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Suffer the Little Children

What people believe is a measure of what they suffer.

It’s been a couple weeks now since I finished Peter De Vries’ book and I still can’t bring myself to begin another novel.  I pick here and there at Chekhov stories, at Montaigne and Emerson and DeQuincey.  I read magazines.  But in between and throughout the day I return again and again in my mind to The Blood of the Lamb.

My father used to say so, and having been a father myself now for six years, I suspect it’s true: Until you have children of your own it’s impossible to understand the burden of heartache that comes with parenthood.  It weights your steps like leaden boots.  It bounds your vision in every direction.  It colors every thought.  It groans perpetually in the nerves and in the marrow of your bones, sharp, but vaguely sweet.

That people are ever able to survive the suffering and death of their children is incomprehensible to me.  I think about the quote above and I think about De Vries’ own loss.  The Blood of the Lamb is more than a tragicomic (and more tragic for all its comedy) fictional re-creation of his own daughter’s death by leukemia.  It’s also very much about faith, and the death of faith.

I wonder why he didn’t write ‘love’ instead of ‘believe.’  In its power to evoke it, love seems almost a form of suffering in its own right, and it’s not hard to imagine that the more objects you give your heart to in a world of universal transience, the more you open yourself to pain at their inevitable loss.  But he didn’t write ‘love.’

Perhaps he meant that the more we suffer, the less we are likely to believe; or, conversely, that the more things we believe, the more we are bound to suffer over them.  Or perhaps he meant that the particular things we believe (religiously, personally) grow naturally out of our individual fears, as a way of counteracting those fears and pushing them – and the psychological suffering they entail – farther away.  But I don’t think so. 

I wonder, instead, if De Vries was simply saying that we suffer according to the terms of our personal creeds.  The believer in Self, then, suffers specifically in terms of the self; the believer in Nothing in terms of the void; the believer in a personal God in terms of close acquaintance with unobliging omnipotence.

What does it mean for a believer in Love (as every parent must be) to suffer in terms of love?  Maybe The Blood of the Lamb is De Vries’ answer to that question.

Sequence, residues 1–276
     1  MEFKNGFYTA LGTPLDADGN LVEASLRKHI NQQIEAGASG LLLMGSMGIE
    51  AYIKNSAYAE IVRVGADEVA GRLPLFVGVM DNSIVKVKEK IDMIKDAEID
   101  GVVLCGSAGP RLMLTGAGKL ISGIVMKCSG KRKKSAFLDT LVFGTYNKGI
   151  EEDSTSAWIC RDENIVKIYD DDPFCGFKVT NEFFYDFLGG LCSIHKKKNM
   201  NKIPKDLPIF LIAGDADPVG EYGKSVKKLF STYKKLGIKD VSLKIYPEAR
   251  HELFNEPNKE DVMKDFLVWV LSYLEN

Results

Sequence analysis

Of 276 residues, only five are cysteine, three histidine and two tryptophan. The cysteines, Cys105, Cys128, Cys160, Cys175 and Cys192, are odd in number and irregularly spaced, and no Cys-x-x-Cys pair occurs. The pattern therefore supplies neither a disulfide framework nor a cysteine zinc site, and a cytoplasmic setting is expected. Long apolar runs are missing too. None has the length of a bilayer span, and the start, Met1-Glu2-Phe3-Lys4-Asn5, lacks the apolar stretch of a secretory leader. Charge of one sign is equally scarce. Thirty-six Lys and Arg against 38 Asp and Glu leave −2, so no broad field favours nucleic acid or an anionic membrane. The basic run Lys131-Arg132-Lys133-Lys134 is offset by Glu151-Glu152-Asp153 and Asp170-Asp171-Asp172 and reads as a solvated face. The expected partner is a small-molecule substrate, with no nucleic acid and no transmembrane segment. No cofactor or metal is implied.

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Marginalia, no.84

Even as Must implants distaste, so does Can’t stir sweet longings…

~ Max Beerbohm, ‘Books Within Books’

A nice capture of that universal law which explains, among other things, why children hate Brussels sprouts and want dessert before dinner, and why the books you’ve been looking for for ages and can never seem to find always sound so much more interesting than those you already own but can’t bring yourself to read.

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Less Praise, Please

Solon famously recommended calling no man happy until he was dead.  It’s just as advisable, I think, not to call him great.  There are some compliments that should only be paid after the object of admiration is safely deceased.  Otherwise it gets embarrassing.

Consider the biographical note written by Cécile Buffet for Alain Planes’ Harmonia Mundi CD, Haydn Piano Sonatas, Vol. 2.  Planes is a gifted pianist and (to judge by his photograph) he’s been on this planet much longer than I have, so it’s only right that his accomplishments are noted.  Buffet’s fawning idolatry, however, is too much:

A great lover and connoisseur of painting, no less learned in his passion for poetry, Alain Planes enjoys a career in his own image: right from the start he has followed the path of life rather than the siren songs of a glory that demands too many compromises. 

From a mother with an artistic temperament…he has inherited and retained fervent humility and disinterestedness of gesture.  In the end it is this that creates style – rigor is of little use without grace.

The man is still alive, for God’s sake.  Let’s not jinx him by smothering any perfectly adequate virtues he may posses with so much saccharine flattery.  If Plaines is as humble and disinterested as Buffet claims, he can only blush at this.  But then, did he have no say at all in the liner notes for his own CD?  No one should take himself this seriously.

Perhaps it’s just Gallic effusiveness.  I ought to be happy, I suppose, for the opportunity to be mildly scandalized, and for the laughs:

There is in him something of a curious blend of Proust and Wilde.  With the first he shares his relationship with time, profound, expanded, Schubertian.  With the second, a certain intellectual dandyism, a form of refined cynicism that nonetheless does not sacrifice tenderness.

Thankfully it’s the Expanded Schubertian and not the Intellectual Dandy that comes through in Planes’ music.  But if there is a bit of Wilde about him, it might serve as inoculation against his admirers’ excesses.  “Praise makes me humble,” Wilde once wrote, “but when I am abused I know I have touched the stars.”